Monday, June 12, 2017

The acute abdomen, the philosophy of surgery, and why we need to look after our doctors

Gastrointestinal foreign body; acute abdomen; abdominal surgery
A gastrointestinal foreign body in situ - one of the most common causes of an acute abdomen in the dog. Not so much in human adults.

Have you ever wondered if your doctor has had a decent sleep, or a proper and nourishing meal? It was a question I was unexpectedly confronted with last week when a very close human family member was admitted to hospital with an acute abdomen. It became rapidly apparent that this was a surgical condition.

Due to a series of unfortunate events, the surgery was delayed. Patient X was meant to be transported to a larger hospital, but this didn’t occur due to the patient transport staff member calling in sick. As most surgeons know, at some critical point, time is bowel. So it was concerning that the surgery – scheduled for the morning – was not going to be addressed until late in the evening, when the on-call surgeon had been working constantly on critical cases and hadn’t had a break, and Patient X had been enduring discomfort for 48 hours. Free abdominal fluid had been detected on ultrasound.

To the team’s credit, everything went well. Patient X is recovering (I am so used to veterinary patients that I was shocked that I was able to converse with Patient X on the phone post anaesthesia. I wish our patients could call us and tell us things like “my throat is a bit sore from the ET tube” or “this pain relief is working really well”, or Whatsapp a cheery hospital selfie. It must at least be helpful to be hospitalised in a facility staffed by members of one’s own species). And no, it wasn't a foreign body but an obstruction which occurred secondary to an adhesion which occurred secondary to a previous surgery. (Disappointingly, at least for me, there was no surgical photo).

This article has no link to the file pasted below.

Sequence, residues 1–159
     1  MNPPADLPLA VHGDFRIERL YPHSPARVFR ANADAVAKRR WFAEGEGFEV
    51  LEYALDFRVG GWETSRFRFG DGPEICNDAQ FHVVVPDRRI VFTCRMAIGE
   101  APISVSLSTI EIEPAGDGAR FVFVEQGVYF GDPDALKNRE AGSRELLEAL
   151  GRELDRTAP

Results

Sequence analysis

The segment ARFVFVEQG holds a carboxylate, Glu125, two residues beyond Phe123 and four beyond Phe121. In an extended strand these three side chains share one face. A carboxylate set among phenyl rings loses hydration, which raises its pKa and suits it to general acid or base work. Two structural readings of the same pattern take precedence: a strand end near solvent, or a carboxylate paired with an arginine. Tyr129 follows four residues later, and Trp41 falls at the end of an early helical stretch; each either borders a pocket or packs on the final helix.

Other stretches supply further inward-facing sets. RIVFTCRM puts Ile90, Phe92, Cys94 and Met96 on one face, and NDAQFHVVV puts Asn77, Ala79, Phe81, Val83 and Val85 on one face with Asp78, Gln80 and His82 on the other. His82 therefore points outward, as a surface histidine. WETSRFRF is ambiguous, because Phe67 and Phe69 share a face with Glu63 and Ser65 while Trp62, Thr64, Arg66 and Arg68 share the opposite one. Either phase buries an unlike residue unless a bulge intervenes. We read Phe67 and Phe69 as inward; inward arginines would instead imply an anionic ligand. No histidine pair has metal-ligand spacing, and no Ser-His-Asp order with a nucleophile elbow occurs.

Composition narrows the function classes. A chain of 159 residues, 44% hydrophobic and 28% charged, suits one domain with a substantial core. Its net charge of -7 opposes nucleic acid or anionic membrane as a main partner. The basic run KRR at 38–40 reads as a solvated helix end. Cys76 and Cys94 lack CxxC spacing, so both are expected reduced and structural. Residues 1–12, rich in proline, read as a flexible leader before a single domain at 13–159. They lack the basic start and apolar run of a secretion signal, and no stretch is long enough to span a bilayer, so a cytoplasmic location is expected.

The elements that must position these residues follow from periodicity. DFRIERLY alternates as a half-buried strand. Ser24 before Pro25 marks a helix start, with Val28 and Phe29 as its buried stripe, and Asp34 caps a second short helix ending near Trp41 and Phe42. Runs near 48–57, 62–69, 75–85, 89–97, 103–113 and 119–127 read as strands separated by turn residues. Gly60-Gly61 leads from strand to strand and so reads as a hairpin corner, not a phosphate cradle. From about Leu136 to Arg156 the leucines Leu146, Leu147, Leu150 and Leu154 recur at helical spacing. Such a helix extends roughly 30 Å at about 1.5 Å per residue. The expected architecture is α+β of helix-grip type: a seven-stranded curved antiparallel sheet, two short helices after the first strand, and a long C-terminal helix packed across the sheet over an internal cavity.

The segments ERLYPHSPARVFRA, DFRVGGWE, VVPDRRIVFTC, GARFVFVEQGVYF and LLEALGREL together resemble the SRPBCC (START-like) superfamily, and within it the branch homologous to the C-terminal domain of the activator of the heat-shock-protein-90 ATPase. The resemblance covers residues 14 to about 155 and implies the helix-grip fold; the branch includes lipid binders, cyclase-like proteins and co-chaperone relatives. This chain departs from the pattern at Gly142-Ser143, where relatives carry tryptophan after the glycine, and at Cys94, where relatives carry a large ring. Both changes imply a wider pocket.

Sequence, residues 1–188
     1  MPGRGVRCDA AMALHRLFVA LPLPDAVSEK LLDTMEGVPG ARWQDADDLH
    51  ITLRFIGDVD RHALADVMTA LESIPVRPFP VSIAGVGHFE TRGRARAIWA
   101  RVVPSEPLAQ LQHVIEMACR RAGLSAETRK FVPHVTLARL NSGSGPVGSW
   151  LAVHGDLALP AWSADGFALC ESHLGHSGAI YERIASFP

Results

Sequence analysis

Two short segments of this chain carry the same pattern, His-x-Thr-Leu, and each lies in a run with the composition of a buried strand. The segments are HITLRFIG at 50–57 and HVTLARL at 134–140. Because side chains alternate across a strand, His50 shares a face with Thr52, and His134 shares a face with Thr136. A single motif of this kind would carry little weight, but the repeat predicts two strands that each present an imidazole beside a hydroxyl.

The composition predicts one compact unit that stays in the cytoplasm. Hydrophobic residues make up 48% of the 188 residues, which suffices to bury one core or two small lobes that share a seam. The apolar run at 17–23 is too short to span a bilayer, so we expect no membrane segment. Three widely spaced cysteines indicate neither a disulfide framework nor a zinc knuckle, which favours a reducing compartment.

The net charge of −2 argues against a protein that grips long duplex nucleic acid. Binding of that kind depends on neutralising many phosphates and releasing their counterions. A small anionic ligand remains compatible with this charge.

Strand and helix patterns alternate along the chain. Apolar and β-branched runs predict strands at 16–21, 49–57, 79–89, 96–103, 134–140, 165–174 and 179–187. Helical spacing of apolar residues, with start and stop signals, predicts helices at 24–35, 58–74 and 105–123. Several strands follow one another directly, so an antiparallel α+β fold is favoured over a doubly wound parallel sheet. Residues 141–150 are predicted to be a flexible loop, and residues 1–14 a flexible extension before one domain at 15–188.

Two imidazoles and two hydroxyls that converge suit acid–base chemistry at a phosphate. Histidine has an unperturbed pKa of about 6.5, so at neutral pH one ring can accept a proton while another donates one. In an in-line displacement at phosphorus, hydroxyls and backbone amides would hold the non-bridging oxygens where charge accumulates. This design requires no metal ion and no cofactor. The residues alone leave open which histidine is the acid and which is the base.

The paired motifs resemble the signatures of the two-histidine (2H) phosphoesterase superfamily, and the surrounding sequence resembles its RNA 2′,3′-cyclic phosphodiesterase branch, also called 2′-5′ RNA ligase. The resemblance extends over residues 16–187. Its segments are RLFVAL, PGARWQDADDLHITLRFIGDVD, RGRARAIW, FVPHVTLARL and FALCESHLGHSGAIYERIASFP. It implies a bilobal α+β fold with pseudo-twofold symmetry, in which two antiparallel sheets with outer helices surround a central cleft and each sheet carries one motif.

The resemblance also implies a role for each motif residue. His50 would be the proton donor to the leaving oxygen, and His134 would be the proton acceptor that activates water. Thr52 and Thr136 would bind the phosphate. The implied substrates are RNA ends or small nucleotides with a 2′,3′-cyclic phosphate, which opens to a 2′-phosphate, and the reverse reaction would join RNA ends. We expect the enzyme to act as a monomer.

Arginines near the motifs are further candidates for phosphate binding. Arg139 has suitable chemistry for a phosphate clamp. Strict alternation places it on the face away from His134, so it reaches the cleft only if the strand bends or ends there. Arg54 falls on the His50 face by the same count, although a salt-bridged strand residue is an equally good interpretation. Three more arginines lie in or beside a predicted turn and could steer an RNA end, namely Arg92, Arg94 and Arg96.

The following day, when the surgical registrar called to update me, he was amused that I asked him if he’d had some sleep. But I was serious. We need to look after our health care professionals.

The French vascular surgeon Rene Leriche, in The Philosophy of Surgery, wrote that “The best surgeons are those who are able to maintain their fitness and comfort during the long-lasting jobs” back in 1951. (He also wrote that “Every surgeon carries about him a little cemetery, in which from time to time he goes to pray, a cemetery of bitterness and regret, of which he seeks the reason for certain of his failures” – an important acknowledgement, but somewhat concerning to recall when you know the patient, and you know there is a correlation between hypoglycaemia, hypohydration and errors).

I digress. It’s important that doctors are not overworked, are well-supported, take decent breaks, eat nourishing food and get recharging sleep. In an article last week in The Conversation, Professor Alex Broom put it succinctly: “Doctors who feel better will make fewer mistakes and solve problems faster.” (Read the full article here - he also makes the point that stressed doctors are less motivated to participate in continuing education, yet “participation in continuing education improves professional practice, and, crucially, patient outcomes”).

The Australian Medical Association lists some excellent resources on its website, many of which are just as relevant to veterinarians and nurses too. You can access those here.

We need to look after those people that look after others. In terms of vets, we’re working on The Vet Cook Book which should be published later this year. This is designed to promote collegiality and conversation but also provides some helpful resources – and recipes. You can follow the facebook page

Fortunately, and thanks to excellent care despite many challenges, patient X is doing well, having been discharged home for cage bed rest (without an Elizabethan collar).

In other news, an exhibition which opened on June 9 highlights the plight of victims of domestic violence and their companion animals. This looks like an amazing initiative and worth seeing.

If you’re in Sydney, SAT reader Kerry shared this info about doggy degustation events (obviously not for the canine on an elimination or prescription diet).


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